District attorney declines to file charges in fatal police shooting on March 31

The 14th Judicial District Attorney’s Office will not file charges against the Craig police officer or Moffat County sheriff’s deputy who were involved in the March 31 shooting death of Christopher Rothermund.

Rothermund, 52, of Craig, died after he was shot by police following a foot chase around the city. The interaction with police began with an officer trying to stop Rothermund inside the Cool Water Grill at 337 W. Victory Way just before 9 a.m. March 31.

In body camera footage previously released by the Craig Police Department, Rothermund runs away from the officer before brandishing a handgun and ignoring multiple calls to put the weapon down. At one point in the video, Rothermund appears to point the gun at police and CPD Officer Daniel Molina and Moffat County Sheriff’s Deputy Kurtis Luster discharge their weapons.

According to the district attorney’s office, both Molina and Luster fired their service weapons, and Rothermund was hit and died as a result of his injuries.

In a Monday news release, Assistant District Attorney Matthew Tjosvold said that “after a thorough review of all of the evidence in this case, including the officer’s body worn camera, witness interviews, autopsy report, ballistics report and the physical evidence on scene,” the district attorney’s office has concluded that Molina and Luster used appropriate force to defend themselves, their fellow law enforcement officers and the public.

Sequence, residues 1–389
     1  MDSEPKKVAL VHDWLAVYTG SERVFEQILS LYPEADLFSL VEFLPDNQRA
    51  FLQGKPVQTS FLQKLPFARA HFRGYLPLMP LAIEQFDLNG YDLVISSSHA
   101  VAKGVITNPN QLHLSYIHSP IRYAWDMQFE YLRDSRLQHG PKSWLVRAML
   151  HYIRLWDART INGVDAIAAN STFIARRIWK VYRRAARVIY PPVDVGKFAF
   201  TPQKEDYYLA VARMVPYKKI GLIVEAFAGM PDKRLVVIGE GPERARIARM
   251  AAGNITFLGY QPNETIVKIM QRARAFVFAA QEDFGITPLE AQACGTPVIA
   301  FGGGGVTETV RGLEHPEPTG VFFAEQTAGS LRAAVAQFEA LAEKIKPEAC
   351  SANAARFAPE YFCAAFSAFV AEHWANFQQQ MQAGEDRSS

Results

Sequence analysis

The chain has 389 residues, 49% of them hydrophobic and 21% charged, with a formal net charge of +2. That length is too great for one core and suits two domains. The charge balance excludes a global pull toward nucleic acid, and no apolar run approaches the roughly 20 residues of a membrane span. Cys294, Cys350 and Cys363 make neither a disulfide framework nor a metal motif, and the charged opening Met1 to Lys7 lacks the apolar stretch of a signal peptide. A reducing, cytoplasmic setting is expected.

The investigation was led by the Steamboat Springs Police Department with assistance from the Colorado Bureau of Investigation.

More than 3,500 deliveries later, women’s health doctor retiring in December

Throughout his long medical career in obstetrics and gynecology, Dr. David Schaller has delivered so many babies that he stopped counting at 3,500, and some 2,000 of those infants were delivered in the Yampa Valley.

When Schaller acquired a one-physician ob/gyn practice in Steamboat Springs in the summer of 1993, he soon began delivering around 50% of the babies in the Yampa Valley, he said. Two years later, he was delivering around 90% of the babies in the valley, calling those first two years in private practice and delivering babies at then Routt Memorial Hospital the most challenging of his career.

Those 2,000 local deliveries are the reason his two sons never really enjoyed going grocery shopping with their dad, as the food list was often delayed by parents showing off their growing babies, Schaller said.

Making time to listen to patients and “give people space to open up” has been one of the doctor’s most important medical skills, which often led him to run behind in his daily schedule, he said with a big smile. New moms say the doctor answers questions thoroughly and listens carefully to concerns.

Schaller said he learned that a patient’s initially voiced concern is only the first layer to peel down to the root medical problem. He also never wanted to be the type of doctor who fielded a patient’s questions with his hand already on the doorknob trying to leave the exam room.